Sunday, November 4, 2012

4-Star Review on Goodreads (Battle of Chibi)

Review by Anne Carlisle on Goodreads, October 15, 2012

What makes The Battle of Chibi by Hock G. Tjoa such a worthwhile read  is a feeling of global impact. Here is a mythos/history of ancient China worth absorbing.  The world view of the most populous nation on earth and one that retains much of its ancient heritage should interest us, yet Western readers know little of its evolution.  In this fascinating novel, which is part history, part fiction, part drama, and part poetry, Hock G. Tjoa ably takes on the mantle of translator and literary interpreter for  a battle along a river that determined four hundred years of  ancient Chinese history.  

Tjoa does an excellent job at meeting his goal of providing the original in a more  "readable and lively language as well as internal consistency."   It's a worthwhile though not an easy read.  As a boy in the book says, "I cannot remember all the names."

At the outset, the author provides useful background.  The historical events were originally recounted in a classic Ming novel , Romance of the Three Kingdoms, written in 1400 by Luo Guanzhong.  In turn the Romance was a compilation of work by  writers living in the third and fourth centuries AD.   (The Arthurian legend immediately comes to mind.)   Luo's  version is in four volumes of 120 scenes/chapters,  the first 80 of which is about the decline of the Han Dynasty and the rise of three kingdoms,  a period of transition from 184 to 280 AD. Tjoa characterizes the divergence  as one  "between imperial unity and fragmentation."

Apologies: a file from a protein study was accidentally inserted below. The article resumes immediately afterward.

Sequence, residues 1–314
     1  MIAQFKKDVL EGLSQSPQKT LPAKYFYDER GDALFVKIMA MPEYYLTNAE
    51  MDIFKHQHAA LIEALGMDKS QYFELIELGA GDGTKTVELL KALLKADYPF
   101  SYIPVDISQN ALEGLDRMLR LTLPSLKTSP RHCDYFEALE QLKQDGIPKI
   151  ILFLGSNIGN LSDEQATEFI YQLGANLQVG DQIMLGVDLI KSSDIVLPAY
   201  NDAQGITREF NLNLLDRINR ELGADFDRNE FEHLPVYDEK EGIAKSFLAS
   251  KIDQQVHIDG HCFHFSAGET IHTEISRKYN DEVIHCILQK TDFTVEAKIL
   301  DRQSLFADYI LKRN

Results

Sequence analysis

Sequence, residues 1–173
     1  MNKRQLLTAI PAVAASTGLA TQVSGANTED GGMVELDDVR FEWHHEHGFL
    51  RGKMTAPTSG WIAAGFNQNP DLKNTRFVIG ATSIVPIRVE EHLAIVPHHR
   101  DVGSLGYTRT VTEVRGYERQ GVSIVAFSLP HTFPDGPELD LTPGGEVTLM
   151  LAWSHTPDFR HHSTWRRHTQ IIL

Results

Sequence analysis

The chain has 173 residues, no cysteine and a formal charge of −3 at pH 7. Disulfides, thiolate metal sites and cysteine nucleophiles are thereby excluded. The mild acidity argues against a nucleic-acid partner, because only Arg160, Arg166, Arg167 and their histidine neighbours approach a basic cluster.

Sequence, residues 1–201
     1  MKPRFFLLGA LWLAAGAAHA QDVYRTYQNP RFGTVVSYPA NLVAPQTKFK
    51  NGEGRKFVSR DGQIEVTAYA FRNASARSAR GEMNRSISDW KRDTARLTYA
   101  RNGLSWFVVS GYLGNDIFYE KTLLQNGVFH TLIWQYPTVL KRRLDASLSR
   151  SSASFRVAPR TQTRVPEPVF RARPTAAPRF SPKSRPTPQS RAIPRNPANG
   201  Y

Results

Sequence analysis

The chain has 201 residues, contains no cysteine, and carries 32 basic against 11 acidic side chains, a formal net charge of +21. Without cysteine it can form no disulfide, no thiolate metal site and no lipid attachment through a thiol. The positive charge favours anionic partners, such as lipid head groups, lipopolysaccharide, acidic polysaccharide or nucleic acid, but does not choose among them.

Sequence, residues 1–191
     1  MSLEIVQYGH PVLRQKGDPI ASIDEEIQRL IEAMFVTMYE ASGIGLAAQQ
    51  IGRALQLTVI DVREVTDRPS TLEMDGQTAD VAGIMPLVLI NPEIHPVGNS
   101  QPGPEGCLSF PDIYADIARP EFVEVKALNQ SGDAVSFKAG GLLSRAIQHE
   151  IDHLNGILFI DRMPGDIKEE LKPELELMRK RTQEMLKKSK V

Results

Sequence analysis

The selections chosen from the Romance center on the Battle of Chibi (Red Cliffs), dated 208AD, which Tjoa points out was "the tipping point" between the Han and Three Kingdoms periods.  One of the three realms, the Shu,  was  led by Han loyalist Liu Bei.  A second,  the Wei,  was led by Cao Cao the Usurper.  Cao's plan was to become the new unifier of China, but his ambitions disqualified him in the eyes of the other two leaders.  A third realm, the Wu led by Sun Quan, lay on the fringe of what was called All under Heaven, a name, says Tjoa, that equates to a Greco-Roman term, "the whole known civiilized world." 

An interesting pattern emerges in the novel's three-part structure.   To my eye, a dialectic of  thesis, antithesis, and synthesis  unifies the diversity of the  structural components as well as underlining the clash of cultures.  The dynasty's decline is vividly characterized by its eunuchs,  warlords, and rebels.  I became engaged in the story of the new order through the vivid, careful characterization; the spare, dramatically staged dialogue; and the pleasing literary elements.  The title of  Chapter 8 ("Like Fish Seeking Water") is one  example of how metaphor and poetry are used to illustrate what is going on. Here's another: "Screens, decorated with feathers,/Divide the space inside/Bamboo fences and fragrant flowers/Define the space outside."  

A new eye on the world emerges from the divisiveness,  and though the country is no longer unified ,  neither is it so insularly focused.  At the end of the day, Tjoa's work is historical romance  in the most classic sense of the term.  It would certainly lend itself to screen adaptation.